What Is Slow Fashion?

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What is Slow Fashion?

Over the years, fast fashion has gained phenomenal popularity and growth, as retail giants such as Zara and ASOS continue to churn out new styles and cuts at an ever growing speed, low costs and low prices, consumers remain trapped in their bubble. In all honesty, who can refuse such a good deal?

Unfortunately, or rather fortunately, as fast fashion becomes branded as the one of the world’s most polluting industries, more and more consumers are becoming aware of the negative externalities associated with these brands. Consequently, introducing a shift in the fashion world with what is known as ‘Slow Fashion’. 

According to GoodOnYouput simply, slow fashion is the opposite of fast fashion. It encompasses an awareness and approach to fashion that considers the processes and resources required to make clothing. It advocates for buying better-quality garments that will last longer, and values fair treatment of people, animals, and the planet along the way. Realistically, slow fashion and sustainable or ethical fashion have a lot of similarities. They are sister movements and follow the same general guidelines. The main difference with slow fashion is that it hones in on reducing consumption and production more specifically” (Hill, 2021). 

Unlike fast fashion, slow fashion encompasses values such as using sustainable materials, producing longer lasting products, sourcing and producing locally, slower production schedules, zero to minimal waste production cycles and lastly, they aim to release fewer collections on a yearly basis. On the other hand, fast fashion comparatively produces multiple collections per year, often referred to as ‘throwaway fashion’ due to their cheap price points and nondurable materials, often associated with unethical practices and known for replicating catwalk trends faster, with greater convenience and affordability.

Why Is It Important?

Slow fashion is a movement created for more conscious consumers hoping to revert or at least slow down the repercussions the fast fashion industry has caused over decades of conquering the masses. Slow fashion does not mean untrendy or extremely basic clothing, rather, it means buying style without a guilty conscience. It can be difficult making the switch from our beloved and familiar “go-to’s” to an unfamiliar territory, but trust me it’s worth it.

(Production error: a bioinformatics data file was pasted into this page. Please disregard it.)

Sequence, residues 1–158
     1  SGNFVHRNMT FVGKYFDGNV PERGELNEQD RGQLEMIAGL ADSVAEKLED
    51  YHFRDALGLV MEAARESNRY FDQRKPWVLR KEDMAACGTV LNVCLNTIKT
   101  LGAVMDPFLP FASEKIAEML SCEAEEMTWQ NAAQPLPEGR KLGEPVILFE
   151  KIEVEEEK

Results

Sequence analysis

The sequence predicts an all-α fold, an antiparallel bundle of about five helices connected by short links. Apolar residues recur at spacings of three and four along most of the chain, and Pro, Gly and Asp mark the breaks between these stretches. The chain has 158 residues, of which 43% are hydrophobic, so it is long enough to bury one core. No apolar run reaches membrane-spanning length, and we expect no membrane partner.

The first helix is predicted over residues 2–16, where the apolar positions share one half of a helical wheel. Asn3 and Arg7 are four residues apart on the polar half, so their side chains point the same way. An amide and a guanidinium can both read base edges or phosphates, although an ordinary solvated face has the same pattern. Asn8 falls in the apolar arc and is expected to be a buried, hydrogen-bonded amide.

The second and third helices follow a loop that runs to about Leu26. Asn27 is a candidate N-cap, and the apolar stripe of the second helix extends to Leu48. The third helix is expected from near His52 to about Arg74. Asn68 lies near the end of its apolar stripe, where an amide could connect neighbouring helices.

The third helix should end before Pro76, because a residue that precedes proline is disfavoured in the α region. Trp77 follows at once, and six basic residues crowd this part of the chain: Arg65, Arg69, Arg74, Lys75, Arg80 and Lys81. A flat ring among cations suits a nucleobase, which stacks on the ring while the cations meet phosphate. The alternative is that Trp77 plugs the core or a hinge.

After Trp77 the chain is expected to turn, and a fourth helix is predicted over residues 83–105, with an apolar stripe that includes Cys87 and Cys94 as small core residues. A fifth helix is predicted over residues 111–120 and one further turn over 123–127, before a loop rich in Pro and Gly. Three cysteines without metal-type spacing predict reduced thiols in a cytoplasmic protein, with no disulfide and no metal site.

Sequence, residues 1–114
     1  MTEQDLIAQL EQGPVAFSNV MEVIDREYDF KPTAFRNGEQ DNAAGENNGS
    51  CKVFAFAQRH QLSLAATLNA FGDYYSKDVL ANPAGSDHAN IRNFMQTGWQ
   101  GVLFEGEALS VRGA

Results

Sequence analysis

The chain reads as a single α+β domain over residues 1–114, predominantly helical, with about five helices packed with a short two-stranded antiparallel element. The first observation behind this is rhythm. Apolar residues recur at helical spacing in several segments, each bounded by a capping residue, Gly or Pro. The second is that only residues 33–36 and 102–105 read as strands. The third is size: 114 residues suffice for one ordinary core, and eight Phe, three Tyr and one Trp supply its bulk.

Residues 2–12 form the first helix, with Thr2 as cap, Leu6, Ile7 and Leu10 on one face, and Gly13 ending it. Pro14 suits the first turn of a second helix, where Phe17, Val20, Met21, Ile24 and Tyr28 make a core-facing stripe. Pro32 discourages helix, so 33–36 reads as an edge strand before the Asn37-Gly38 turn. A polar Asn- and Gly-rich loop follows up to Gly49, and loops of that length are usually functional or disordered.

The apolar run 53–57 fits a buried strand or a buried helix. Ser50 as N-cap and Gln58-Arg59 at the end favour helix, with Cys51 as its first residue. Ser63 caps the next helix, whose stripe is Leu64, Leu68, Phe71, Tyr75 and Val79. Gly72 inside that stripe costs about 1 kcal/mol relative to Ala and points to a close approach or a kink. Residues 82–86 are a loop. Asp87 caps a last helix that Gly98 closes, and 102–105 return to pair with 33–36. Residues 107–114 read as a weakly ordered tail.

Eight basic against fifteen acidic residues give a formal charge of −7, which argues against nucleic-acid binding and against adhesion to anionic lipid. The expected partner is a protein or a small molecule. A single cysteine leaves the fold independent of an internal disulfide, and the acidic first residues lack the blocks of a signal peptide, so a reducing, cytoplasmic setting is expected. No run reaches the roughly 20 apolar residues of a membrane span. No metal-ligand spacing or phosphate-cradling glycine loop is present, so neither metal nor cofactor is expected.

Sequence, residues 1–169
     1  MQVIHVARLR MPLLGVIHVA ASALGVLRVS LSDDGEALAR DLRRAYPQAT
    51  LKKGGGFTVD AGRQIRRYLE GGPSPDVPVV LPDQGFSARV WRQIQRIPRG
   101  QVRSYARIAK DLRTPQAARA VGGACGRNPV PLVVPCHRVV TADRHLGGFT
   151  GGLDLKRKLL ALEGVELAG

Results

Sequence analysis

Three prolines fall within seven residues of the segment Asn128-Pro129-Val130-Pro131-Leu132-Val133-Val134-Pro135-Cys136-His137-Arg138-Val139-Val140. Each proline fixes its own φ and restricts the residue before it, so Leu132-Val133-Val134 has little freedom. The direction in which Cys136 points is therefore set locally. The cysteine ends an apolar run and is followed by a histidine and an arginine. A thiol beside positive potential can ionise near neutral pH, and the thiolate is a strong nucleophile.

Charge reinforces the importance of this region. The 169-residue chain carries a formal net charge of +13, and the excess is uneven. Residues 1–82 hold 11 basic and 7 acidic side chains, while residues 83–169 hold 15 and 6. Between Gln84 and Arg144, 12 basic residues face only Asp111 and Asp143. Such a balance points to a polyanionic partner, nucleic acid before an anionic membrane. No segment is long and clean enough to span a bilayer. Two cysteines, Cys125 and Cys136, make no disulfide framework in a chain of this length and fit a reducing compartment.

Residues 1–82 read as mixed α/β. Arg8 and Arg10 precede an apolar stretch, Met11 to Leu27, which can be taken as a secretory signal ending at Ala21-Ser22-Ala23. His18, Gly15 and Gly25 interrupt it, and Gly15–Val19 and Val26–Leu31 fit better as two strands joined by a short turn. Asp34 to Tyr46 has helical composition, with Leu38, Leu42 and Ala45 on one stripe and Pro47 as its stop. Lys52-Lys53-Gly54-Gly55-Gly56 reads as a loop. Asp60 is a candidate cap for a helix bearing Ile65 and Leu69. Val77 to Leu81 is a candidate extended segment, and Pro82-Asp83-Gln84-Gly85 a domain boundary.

Today, we are buying clothes more than ever before and throwing them out at an even faster rate. Slow fashion brands are more than just sustainable clothing, but a cry for help to anyone who is willing to listen. As trends are changing and evolving at a quicker pace, consumers feel the need to stay on trend, and replace the old with the new. Younger consumers such as Millennials and Generation Z are a huge target market for fast fashion brands, especially as their spending power has drastically increased. However, out of these cohorts a strong number of them are choosing to part ways with the usual everyday retailers, and think twice before purchasing items from unethical brands. Increasing awareness and knowledge of slow fashion as a concept and brands that follow this mindset and business model is extremely crucial. 

To put the negative impact of the fast fashion industry into perspective, below are some statistics from Business Insider: 

  • “While people bought 60% more garments in 2014 than in 2000, they only kept the clothes for half as long.”
  • “The equivalent of one garbage truck full of clothes is burned or dumped in a landfill every second.”
  • “In total, up to 85% of textiles go into landfills each year.”
  • “The fashion industry is responsible for 10% of humanity’s carbon emissions.”
  • “The fashion industry is also the second-largest consumer of water worldwide.”
  • “The fashion industry is responsible for 20% of all industrial water pollution worldwide.”

Unlike fast fashion brands, slow fashion brands prioritise the environment, their workers and other ethical concerns both internally and externally. These brands ensure higher wages and better working conditions across their supply chains, whilst also focusing on using high quality materials which are more likely to be biodegradable. Hence, such fabrics pose no harm on the environment and can safely be disposed of when needed. Consequently, fewer clothes are dumped into landfills left to rot and therefore less waste is created. The research and development that goes into the development of such products as well as time and effort spent, is comparatively longer than fast fashion brands. Subsequently costs of using high quality materials and spending on higher wages add to the final price point. All in all, the one-time cost may be higher, but the value and longevity of items purchased compensate for the price in the long run.  And finally, an article by Forbes outlined the fact that according to research 90% of the clothing we buy is thrown away before it needs to be. This is an exorbitant statistic, which depicts just how imperative it is for all consumers to primarily, buy LESS and secondly invest in slow fashion brands where timeless pieces and premium, long-lasting quality are key features. It’s time to prioritise our people and our planet.

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